Don't forget to import java.util.Iterator class on top of the jsp page.

Because we have associated comment model with post model, we can easily load a list of comments for a particular post with the allAssociated method. This is a typical example of lazy loading. We only load objects when we need them.

But directly using post object here is not null-pointer safe. Scooter provides helper methods to deal with this. Let's refactor this code.

We replace the following code line:

for (Iterator it = post.allAssociated("comments").getRecords().iterator(); it.hasNext();) {

with the following line:

for (Iterator it = O.iteratorOf(O.allAssociatedRecordsOf("post.comments")); it.hasNext();) {

This is better. Class O provideds many helper methods for working with an object. Again, you need to import the class in the import statement of this jsp file.

Adding comment entry view

We also need a form for submitting a comment. We plan to add comment entry form right below the comment list view. Let me add some code here into post's show.jsp.

<h2>Add comment</h2>
<%=W.errorMessage("comment")%>

<%=F.formForOpen("posts", post, "comments", "comment")%>
  <p>
    <%=F.label("commenter")%><br />
    <input type="text" id="comment_commenter" name="commenter"
           value="<%=O.hv("comment.commenter")%>" size="80" />
  </p>
  <p>
    <%=F.label("body")%><br />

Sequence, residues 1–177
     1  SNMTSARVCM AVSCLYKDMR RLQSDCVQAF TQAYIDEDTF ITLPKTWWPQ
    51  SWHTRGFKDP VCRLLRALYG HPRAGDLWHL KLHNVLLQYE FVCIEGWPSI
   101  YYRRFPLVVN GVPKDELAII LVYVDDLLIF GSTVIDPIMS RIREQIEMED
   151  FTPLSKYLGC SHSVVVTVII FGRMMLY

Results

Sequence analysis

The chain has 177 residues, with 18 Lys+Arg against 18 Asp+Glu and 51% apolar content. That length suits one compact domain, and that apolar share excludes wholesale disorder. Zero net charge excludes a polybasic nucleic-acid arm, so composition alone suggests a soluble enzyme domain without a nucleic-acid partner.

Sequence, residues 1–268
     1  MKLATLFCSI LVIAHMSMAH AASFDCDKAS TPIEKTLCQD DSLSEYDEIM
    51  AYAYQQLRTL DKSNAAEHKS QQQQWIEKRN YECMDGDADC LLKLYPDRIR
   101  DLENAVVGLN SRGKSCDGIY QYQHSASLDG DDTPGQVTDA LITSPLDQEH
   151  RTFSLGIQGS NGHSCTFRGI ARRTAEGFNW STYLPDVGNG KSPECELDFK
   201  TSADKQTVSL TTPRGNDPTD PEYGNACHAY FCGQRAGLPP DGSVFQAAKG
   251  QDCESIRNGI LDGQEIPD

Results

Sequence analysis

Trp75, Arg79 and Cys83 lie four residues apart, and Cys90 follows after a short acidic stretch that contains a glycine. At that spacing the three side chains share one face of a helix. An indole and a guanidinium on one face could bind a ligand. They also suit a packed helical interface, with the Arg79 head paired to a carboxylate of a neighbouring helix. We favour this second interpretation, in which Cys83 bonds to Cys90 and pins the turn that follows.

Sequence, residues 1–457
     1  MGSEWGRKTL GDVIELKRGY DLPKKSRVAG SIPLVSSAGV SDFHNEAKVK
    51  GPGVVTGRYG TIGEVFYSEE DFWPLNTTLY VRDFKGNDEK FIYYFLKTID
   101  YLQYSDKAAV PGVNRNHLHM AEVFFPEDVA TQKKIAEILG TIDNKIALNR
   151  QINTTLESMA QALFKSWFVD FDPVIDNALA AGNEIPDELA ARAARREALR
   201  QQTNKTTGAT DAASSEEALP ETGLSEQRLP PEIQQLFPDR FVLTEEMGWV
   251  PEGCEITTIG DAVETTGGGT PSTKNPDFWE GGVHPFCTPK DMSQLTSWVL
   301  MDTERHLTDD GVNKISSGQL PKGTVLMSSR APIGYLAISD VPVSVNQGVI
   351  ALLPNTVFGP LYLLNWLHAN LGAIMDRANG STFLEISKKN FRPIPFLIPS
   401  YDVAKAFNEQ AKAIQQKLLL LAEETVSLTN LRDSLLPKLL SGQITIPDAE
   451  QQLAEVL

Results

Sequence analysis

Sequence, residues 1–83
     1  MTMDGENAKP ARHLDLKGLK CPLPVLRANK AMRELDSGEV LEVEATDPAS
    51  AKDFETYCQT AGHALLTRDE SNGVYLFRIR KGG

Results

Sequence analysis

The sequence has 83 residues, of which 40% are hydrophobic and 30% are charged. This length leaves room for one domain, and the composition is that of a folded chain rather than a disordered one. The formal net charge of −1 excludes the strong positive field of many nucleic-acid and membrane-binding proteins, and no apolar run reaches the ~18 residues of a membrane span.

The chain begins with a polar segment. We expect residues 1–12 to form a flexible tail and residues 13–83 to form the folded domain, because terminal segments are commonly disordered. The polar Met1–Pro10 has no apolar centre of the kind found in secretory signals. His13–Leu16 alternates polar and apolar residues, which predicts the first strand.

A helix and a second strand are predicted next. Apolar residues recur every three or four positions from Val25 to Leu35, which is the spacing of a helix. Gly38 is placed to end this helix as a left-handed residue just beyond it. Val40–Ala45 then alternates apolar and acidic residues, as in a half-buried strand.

<textarea id="comment_body" name="body" cols="60" rows="10">
           <%=O.hv("comment.body")%></textarea>
  </p>
  <input id="comment_submit" name="commit" type="submit"
           value="Create" />   <input type="reset"/>
<%=F.formForClose("comments")%>

The class F is a form utility class with helpers methods on html form. Its formForOpen method is used to create an HTML form for a post instance. Again, we need to import this class com.scooterframework.web.util.F.

The above code shows that a comment will be submitted for a specific post. The resource name of the comment is comments, while the resource name of post object is posts.

There are two input fields for comment: commenter name and comment body. Method O.hv gives us html-escaped value of an object's property.

Blog Add Comment Page

Creating a comment controller

We then need a comments controller to handle this comment entry form. We need a create action in the generated comments controller.

We can generate a comments controller with the following command:

> java -jar tools/generate.jar blog controller comments create

The above command creates two files, a controller and a view.

  • src/blog/controllers/CommentsController.java
  • webapps/blog/WEB-INF/views/comments/create.jsp

We can discard the view file as we don't need it. The generated create action in CommentsController is empty. Let's paste the following code in it: